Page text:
Who am I? Am I kind to everyone I meet? Am I supportive? Am I easily approachable? Am I who I want to be?
Over a million different perceptions of who we are as people exist in the world, but there is only one of us. How so? The people who we surround ourselves with create an image of who we are as a person in their head based on their interactions with us. Common advice is that we should not care what other people think of us, because we know who we are. We live with who we are and the decisions we make twenty-four hours a day, seven days a week. But on the contrary, we should absolutely care what other people think of us. I'm not saying keep those who talk down on you in your life, but the opinions of others do matter, just not the opinions that are based on hatred.
Those people who you look to for approval, the ones who support you when you don't know how to support yourself, the ones who always have your back and aren't afraid to tell you when you're wrong. Those people can be your family, your friends, teachers, coworkers, anyone, but the common denominator is that they're rooting for you at the end of the day regardless of any circumstances. They're in your life because they love who you are as a person. They love your good qualities and tolerate the not so good qualities. Often we find ourselves comparing who we are to those who are closest to us, creating a competitive and toxic behavior. We don't do this on purpose, but it's not fair to them or yourself.
"Don't break character for those who aren't even in the play."
I gave this advice to my mom when talking through personal problems that I was having at work. Too often we forget that we lived a life before we met certain individuals, and we were happy. When we react to the actions of others, we are breaking character of the one person we want to be known as. Nobody wants to be known as the person who explodes when their feelings are overlooked or the bitter one who can't be happy for others. We all would like to be known as loving and supportive, but we don't always come off that way. It is true that not every person we cross paths with is going to like who we are, but it is important to realize that there is nothing wrong with being who you are. We shouldn't change ourselves to please anyone who isn't meant to be in our story. We are all characters in a play who have different experiences, morals, and values.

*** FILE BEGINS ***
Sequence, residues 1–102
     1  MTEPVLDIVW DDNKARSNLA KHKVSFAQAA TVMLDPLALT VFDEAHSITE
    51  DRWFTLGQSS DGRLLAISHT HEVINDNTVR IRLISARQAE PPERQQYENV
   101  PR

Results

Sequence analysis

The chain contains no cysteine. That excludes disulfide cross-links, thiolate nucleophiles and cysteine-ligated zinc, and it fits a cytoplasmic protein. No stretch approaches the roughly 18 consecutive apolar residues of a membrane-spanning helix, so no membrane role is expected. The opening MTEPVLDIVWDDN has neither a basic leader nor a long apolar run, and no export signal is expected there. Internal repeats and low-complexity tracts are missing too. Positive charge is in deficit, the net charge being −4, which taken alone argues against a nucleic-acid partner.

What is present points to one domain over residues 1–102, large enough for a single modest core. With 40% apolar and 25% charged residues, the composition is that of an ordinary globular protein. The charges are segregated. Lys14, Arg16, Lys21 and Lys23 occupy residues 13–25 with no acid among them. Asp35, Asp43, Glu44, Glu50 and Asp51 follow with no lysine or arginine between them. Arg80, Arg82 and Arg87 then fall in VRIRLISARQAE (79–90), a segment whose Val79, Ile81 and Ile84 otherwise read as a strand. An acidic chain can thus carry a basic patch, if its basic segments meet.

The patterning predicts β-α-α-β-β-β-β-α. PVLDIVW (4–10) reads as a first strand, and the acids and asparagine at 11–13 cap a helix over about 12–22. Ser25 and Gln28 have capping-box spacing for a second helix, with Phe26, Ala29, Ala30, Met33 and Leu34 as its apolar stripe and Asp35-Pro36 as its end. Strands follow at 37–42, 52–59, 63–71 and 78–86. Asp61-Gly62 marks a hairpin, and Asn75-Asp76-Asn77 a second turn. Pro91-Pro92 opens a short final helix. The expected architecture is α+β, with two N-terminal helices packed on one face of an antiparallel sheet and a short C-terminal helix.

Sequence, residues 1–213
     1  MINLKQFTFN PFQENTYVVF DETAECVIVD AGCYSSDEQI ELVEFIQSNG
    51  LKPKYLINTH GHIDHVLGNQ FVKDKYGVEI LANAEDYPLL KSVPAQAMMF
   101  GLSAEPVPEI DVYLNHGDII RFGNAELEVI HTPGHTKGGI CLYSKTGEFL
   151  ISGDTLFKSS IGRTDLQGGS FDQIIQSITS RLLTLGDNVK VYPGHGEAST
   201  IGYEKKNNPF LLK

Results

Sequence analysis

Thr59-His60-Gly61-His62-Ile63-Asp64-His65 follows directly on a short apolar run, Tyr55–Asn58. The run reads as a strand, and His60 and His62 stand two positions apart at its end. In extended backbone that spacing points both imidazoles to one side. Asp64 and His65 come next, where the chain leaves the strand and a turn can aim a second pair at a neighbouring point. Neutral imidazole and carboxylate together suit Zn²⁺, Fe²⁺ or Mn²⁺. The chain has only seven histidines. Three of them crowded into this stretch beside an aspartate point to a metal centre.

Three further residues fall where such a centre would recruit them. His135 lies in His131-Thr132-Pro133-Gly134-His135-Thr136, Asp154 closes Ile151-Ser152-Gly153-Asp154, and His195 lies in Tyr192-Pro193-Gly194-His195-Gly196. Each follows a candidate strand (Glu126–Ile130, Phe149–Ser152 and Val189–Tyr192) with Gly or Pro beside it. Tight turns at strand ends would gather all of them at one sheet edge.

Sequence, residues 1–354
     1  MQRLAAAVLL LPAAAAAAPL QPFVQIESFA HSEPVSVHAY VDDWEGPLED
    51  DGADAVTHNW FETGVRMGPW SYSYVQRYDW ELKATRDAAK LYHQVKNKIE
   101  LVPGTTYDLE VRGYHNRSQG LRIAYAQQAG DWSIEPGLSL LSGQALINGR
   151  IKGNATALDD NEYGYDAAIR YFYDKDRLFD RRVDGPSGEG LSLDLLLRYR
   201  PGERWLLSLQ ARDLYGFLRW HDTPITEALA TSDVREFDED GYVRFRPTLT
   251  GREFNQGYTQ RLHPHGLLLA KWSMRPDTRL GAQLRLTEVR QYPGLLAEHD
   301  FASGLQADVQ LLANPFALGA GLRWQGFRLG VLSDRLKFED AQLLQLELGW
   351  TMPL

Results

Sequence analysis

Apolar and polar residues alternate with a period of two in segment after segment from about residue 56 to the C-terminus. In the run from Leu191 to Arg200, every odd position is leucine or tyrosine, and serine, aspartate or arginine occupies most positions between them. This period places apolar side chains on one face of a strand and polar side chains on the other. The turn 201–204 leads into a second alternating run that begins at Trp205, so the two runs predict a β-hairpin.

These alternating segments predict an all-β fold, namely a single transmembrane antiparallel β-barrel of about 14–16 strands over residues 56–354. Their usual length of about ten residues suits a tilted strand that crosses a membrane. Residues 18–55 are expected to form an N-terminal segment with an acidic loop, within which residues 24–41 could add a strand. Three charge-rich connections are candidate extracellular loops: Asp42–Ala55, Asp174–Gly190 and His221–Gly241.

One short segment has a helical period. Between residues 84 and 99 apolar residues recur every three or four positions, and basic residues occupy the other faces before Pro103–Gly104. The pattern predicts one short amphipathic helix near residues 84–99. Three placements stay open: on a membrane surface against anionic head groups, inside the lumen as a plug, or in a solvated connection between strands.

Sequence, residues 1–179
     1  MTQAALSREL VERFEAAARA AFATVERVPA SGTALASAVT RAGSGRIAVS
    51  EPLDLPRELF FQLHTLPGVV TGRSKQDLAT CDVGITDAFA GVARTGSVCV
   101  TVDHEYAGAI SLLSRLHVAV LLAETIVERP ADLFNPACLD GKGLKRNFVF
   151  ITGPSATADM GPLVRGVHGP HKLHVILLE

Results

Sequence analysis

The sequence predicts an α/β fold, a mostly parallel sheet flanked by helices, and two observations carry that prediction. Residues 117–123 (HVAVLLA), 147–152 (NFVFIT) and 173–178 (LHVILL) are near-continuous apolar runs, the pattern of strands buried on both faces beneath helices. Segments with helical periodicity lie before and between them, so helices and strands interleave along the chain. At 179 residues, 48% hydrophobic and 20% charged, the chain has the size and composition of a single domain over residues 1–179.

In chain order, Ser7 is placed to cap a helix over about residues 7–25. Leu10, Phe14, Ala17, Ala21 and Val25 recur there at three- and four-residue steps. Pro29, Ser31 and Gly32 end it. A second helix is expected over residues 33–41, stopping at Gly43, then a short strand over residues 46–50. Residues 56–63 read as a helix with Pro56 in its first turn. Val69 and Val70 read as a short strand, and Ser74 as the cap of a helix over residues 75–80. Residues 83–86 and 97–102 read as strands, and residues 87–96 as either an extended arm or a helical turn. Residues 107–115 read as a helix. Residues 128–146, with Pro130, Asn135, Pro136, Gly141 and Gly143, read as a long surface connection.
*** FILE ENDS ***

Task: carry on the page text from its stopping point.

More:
I found myself in a feud with a coworker once after they had received a promotion that I was working hard to earn, and I would go out of my way to find a reason why she didn't deserve this promotion instead of congratulating her on her successes. Just because I didn't reach a goal that I had been working toward does not mean I had the right to take that away from someone who had reached theirs. Sometimes that is all it takes to remind myself that while my feelings are valid, so are theirs.
If we want to be known for our love and support, it comes with giving up our pride to support those around us even when we don't want to. Even if we don't voice our toxic behavior, it exists and it matters. If you want to be known as the person who brightens the room, you can't do that with hatred and destruction. Ask yourself, "Who am I? Am I always putting my best qualities forward?" If the answer is no, think about who you want to be and in what ways you do reflect this and areas that can use some work. We forget that growing up doesn't just change the body, it changes your mind. If you aren't growing as an individual, you aren't growing at all.